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President Maduro holds that the U.S. government blockade is an arbitrary action which has allowed bankers to grab more than US$30 billion from the Venezuelan people so far.
President Nicolas Maduro has denounced the fact that several foreign countries are blocking funds from being transferred to Venezuelan government bank accounts. One of them is Portugal whose Novo Banco has blocked US$1.726 billion from making its way to Venezuela where the Maduro administration intended to use the funds to purchase basic goods for the Venezuelan people.
"I ask the Portuguese government to issue a statement. The Novo Banco kidnapped US$1,726 million which were meant to purchase medicines, food and supplies," said Maduro during a press conference Thursday.
"I will not tire of denouncing the U.S. government of stealing more than US$30 billion from Venezuela,” tweeted the Bolivarian president, who added that his country will increase its defense against United States President Donald Trump's imperialist blockade that is an "inhuman sabotage against all our imports."
Venezuela is currently conducting a global campaign to denounce the U.S. financial blockade and economic sanctions that for nearly two years have prevented the purchase of medicines and food and impede the development of the South American nation.
Since January 2019 alone, the Trump administration has slapped sanctions on the state-run Petroleos de Venezuela, S.A. (PDVSA), its Central Bank and individuals working in the South American country's gold industry. These decrees have made it impossible for the Venezuelan government to transfer funds or pay its debts, driving down the economy.
"Trump's appropriation of Venezuelan financial resources: Bank of England US$1,359 million, Citibank US$220 million, Bank of Glemstrem US$509 million, North Capita US$267 million, Novo Bank US$1,726 million, Sumitomo US$467 million. Trump Unblock Venezuela."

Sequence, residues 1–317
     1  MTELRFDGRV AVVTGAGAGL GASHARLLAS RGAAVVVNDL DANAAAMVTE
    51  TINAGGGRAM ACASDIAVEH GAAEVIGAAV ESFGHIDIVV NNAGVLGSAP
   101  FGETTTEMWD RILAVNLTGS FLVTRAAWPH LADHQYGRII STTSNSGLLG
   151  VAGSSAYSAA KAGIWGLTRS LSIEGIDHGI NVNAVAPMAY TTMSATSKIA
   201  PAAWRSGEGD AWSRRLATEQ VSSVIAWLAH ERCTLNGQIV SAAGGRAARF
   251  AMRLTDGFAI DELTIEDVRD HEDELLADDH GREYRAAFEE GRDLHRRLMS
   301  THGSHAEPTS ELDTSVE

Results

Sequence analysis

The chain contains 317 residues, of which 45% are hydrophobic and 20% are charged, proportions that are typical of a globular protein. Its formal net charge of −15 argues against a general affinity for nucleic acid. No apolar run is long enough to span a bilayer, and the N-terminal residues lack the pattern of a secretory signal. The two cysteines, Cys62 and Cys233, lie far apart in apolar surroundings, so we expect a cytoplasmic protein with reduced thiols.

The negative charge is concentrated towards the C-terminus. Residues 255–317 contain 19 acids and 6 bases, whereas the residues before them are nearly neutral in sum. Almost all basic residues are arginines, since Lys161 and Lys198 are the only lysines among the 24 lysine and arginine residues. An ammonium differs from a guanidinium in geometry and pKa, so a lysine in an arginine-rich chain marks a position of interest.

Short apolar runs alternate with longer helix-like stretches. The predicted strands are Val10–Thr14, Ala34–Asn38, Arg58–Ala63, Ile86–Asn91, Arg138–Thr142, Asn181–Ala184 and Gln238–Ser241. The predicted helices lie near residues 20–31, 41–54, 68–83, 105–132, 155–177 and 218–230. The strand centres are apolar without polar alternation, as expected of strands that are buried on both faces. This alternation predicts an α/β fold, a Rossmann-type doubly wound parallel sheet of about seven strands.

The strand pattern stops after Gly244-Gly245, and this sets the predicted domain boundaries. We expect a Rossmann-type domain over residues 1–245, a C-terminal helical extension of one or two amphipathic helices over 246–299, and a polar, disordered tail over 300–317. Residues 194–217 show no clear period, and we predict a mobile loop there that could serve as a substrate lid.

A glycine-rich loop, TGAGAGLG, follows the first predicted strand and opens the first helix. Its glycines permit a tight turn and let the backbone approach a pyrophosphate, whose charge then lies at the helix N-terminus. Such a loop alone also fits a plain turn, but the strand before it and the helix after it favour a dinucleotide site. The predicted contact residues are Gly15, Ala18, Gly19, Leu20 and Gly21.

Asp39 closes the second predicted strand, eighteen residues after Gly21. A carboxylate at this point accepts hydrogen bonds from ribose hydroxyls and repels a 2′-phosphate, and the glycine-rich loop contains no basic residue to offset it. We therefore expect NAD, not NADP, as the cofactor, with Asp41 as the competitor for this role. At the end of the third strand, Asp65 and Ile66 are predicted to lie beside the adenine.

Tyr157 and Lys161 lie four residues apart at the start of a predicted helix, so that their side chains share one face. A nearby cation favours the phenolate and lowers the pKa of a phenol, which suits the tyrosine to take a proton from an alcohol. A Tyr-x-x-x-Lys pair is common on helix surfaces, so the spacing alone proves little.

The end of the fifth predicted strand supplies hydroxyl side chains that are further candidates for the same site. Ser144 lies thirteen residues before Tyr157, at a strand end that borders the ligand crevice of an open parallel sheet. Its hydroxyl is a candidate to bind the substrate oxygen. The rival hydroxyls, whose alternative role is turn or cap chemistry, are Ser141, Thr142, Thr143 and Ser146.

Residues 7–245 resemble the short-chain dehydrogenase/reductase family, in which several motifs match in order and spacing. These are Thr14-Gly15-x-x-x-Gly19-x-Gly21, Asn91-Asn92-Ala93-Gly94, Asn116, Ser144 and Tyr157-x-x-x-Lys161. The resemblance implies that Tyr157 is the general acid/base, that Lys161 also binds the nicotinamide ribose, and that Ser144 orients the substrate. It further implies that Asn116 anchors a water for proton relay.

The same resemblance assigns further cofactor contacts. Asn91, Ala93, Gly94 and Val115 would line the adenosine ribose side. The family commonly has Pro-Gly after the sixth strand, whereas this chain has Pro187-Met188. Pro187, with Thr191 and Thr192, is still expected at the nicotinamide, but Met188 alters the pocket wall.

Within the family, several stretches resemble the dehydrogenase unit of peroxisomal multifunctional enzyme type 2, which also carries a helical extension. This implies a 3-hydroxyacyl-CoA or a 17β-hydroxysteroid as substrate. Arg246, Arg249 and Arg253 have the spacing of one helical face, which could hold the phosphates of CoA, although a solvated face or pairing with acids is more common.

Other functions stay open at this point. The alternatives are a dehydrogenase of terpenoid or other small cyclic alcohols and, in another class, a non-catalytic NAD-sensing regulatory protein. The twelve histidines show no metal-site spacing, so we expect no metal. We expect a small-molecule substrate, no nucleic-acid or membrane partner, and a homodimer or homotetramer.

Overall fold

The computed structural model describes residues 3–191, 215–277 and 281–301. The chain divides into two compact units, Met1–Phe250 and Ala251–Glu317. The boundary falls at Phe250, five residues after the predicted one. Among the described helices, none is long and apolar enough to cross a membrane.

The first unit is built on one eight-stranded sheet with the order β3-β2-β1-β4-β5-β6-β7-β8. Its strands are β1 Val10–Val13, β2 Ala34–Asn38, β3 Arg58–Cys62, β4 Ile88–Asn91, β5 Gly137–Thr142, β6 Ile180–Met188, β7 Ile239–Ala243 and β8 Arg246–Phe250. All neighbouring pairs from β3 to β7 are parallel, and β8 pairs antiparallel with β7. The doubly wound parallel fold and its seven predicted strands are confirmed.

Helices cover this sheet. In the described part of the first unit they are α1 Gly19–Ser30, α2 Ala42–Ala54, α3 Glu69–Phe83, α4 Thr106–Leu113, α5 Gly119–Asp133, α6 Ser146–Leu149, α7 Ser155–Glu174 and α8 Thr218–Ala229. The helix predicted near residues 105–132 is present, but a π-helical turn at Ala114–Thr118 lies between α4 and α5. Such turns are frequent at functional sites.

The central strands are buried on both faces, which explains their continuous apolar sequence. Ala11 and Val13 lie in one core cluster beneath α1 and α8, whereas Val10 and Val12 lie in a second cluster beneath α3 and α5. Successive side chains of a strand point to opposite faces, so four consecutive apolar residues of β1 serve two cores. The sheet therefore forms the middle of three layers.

In April, the U.S.-based Center for Economic and Policy Research (CEPR) released an study demonstrating that Trump’s sanctions against the Latin American country are responsible for the death of more than 40,000 people due to the lack of timely health care.
Venezuelans on Thursday demonstrated outside the Portuguese embassy in Caracas to demand the inmediate release of their financial resources.
Most of the protesters were senior citizens who carried banners that read: "Release our medicine, Portugal"; "We need health supplies"; "Say No to the U.S. blockade" and "Respect Venezuela."
According to an investigation by the Latin American Geopolitical Strategic Center (Celag), the financial blockade against Venezuela prompted a decrease in the Venezuelan gross domestic product equivalent to US$350 billion between 2013 and 2017.
It was reported back in January that Novo Banco had blocked the transfer of at least US$1.2 billion to Venezuela from the financial entity that is 75 percent-owned by U.S. private equity firm Lone Star Funds.